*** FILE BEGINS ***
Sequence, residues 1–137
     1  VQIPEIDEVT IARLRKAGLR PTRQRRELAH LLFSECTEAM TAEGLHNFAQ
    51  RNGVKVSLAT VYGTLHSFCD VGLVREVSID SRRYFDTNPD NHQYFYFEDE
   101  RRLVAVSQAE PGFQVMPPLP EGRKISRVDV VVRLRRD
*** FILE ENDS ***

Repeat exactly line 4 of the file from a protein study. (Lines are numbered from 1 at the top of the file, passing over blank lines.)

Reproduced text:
   101  RRLVAVSQAE PGFQVMPPLP EGRKISRVDV VVRLRRD